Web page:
Do You Shave? On The Fur We Live In

by Isabel Sophia Dieppa

Frida Kahlo didn’t remove her facial hair

The conversation about body hair started between my friend Alana and I one boring day at work. I was explaining to her how I had facial hair due to Polycystic Ovarian Syndrome and I wanted to do laser hair removal. One year and several laser hair removal sessions later and we are on the cusp of opening our first-ever theatrical show, Do You Shave. I won’t tell you, dear reader, everything about the show, I don’t want to ruin the surprise! But in a nutshell, the show is a dance theater odyssey exploring the circus we are constantly surrounded by and the fur we live in. When we developed this show, we didn’t want to be pro- or against hair, we just wanted to make a show about why we even care about body hair? Is it our choice to keep it or remove it? And I personally, wanted to understand why I had the bad luck of living with a lady beard.

I was first diagnosed with Polycystic ovarian syndrome (PCOS) when I was 19. Hairtrisum was only one symptom of many others, including weight gain, mood swings, and extreme hormonal imbalances. There is no cure for PCOS, yet thousands of women live with it along with the awful facial hair that comes with it. The only way to keep PCOS under control is by being on birth control, and even then it does not stop the hairtruism. So what do we do about an insecurity we suffer with, but have little to no control over? The temporary solution, would be to do what I did, and that is to pay $150 per laser hair removal session, and kill the hair follicles. It is painful, but feeling like a feminine woman, to me was completely worth the pain and the money. The long-term solution, however, is a little more complex.

First off, maybe we should talk about this insecurity, as embarrassing as it may seem. I speak to women every day, who I see are suffering from haritruism. When a person suffers from hairtruism, they hide their face, and they put themselves through all sorts of torture to remove it, yet we pretend like it does not exist, because we know it is a sore subject. But, because this is a medical condition, the best step to finding a solution would be to acknowledge it and to pressure the medical industry to do more research, and find the cause and cure for PCOS. Hairtruism is only an annoying symptom, but the problems caused by PCOS, such a infertility, cysts, depression, and if left untreated diabetes and heart disease (web md), make PCOS a medical condition that seriously affects women’s health and should be on top of medical research’s list.

But the biological aspect of facial hair is just one aspect of Do You Shave. Facial hairtruism is only a small portion of our show, we also focus on other parts of body hair. The biggest question we asked while doing this project is, why care? Why care if a person shaves, waxes, lasers, or keeps themselves fury? Why and to whom are we giving up our autonomy to? Hair removal has actually been around longer than we think, even though the 1970’s would beg to differ. Body hair removal can go as far back as ancient Egypt, who according to internet sources used boiled sugar/honey and lemon juice to remove hair, or Ancient Turkey who can go as far back as 3000 BC, the preferred paste there was “rhusma.” And in medieval Europe, they had The Tortula, a very popular book of recipes all related to women’s health, one of which was for hair removal.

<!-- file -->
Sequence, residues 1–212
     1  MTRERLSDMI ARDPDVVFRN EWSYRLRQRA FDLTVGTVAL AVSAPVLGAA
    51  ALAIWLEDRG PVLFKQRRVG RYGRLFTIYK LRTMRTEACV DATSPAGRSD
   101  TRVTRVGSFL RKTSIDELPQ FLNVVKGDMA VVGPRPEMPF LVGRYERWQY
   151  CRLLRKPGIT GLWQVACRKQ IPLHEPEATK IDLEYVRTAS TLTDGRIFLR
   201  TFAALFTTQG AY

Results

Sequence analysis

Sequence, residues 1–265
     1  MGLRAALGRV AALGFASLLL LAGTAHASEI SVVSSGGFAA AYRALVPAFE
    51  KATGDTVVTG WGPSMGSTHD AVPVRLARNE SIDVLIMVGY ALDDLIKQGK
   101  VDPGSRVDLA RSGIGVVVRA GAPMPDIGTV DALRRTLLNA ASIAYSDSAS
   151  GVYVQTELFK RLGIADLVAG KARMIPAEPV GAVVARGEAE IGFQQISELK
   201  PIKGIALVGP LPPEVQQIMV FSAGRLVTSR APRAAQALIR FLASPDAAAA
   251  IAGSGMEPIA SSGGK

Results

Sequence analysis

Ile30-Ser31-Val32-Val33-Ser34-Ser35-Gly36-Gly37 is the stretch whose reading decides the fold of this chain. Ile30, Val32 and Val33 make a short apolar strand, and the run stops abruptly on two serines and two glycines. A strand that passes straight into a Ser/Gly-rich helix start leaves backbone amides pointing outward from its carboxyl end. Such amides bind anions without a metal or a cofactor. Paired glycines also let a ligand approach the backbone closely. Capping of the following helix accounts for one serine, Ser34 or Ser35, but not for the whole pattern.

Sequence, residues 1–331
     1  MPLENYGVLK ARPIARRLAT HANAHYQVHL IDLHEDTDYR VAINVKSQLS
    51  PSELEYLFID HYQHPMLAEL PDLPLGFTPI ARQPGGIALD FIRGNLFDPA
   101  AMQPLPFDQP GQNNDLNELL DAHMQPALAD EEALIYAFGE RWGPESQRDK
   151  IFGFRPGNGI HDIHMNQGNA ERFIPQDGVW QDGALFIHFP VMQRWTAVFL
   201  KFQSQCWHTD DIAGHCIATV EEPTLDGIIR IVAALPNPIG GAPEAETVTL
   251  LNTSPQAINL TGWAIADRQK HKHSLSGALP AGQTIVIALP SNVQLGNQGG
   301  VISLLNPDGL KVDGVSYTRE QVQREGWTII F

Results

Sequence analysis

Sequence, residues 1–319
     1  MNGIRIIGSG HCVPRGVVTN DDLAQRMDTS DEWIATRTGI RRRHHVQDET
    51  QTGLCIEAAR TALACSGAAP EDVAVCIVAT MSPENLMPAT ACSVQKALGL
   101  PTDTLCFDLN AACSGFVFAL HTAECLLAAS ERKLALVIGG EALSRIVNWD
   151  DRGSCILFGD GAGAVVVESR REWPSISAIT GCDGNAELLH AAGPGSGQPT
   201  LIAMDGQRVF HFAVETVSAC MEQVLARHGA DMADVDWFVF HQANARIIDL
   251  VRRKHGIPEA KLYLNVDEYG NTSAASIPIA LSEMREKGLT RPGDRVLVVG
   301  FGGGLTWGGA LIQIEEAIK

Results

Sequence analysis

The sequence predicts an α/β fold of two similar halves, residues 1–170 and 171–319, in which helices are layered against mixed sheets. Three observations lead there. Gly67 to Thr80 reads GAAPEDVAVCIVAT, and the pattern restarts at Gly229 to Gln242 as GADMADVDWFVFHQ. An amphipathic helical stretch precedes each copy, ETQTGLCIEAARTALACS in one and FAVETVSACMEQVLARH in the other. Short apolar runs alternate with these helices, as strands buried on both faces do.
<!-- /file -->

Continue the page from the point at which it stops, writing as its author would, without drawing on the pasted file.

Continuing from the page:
Hair removal doesn’t just affect women, it also affects men. In 2014, a Turkish hair removal company “accidentally” used a photo of  al-Queda leader and self-proclaimed terror mastermind Khalid Sheikh Mohammed in an ad for hair removal. The company claimed to have found the photo on the internet because it was used in many memes, but it still makes us question, is hair evil? Are men who have an excess of hair prone to being evil masterminds? Or is hair a form of primitiveness we must take control and colonize through our removal of it? We are asking many questions, but they are questions that have to do with the fabric of our culture.

As artists and inquisitors, we have made an entire 30-minute live theater piece, looking into our insecurities of body hair and what they mean. Does it matter and will it make a difference in the world? We hope. But our cultural thoughts and insecurities won’t change unless we start a dialogue about it. Maybe it is “just hair,” but our decisions on our bodies should be something we decide because we want, not because we feel a pressure to conform. And in celebration of freedom of thought and speech, we want to know what do you think about body hair? We would love to hear your opinions, rituals, and thoughts.

Do you remove your body hair? Is it a sacred ritual, or a coming of age? Tweet us at @isabeldieppa or comment below! We are hoping to gather as much data as possible in order to continue the conversation of body hair and our choices.

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Founded in 1993, BUST is the inclusive feminist lifestyle trailblazer offering a unique mix of humor, female-focused entertainment, uncensored personal stories, and candid reporting that tells the truth about women’s lives.

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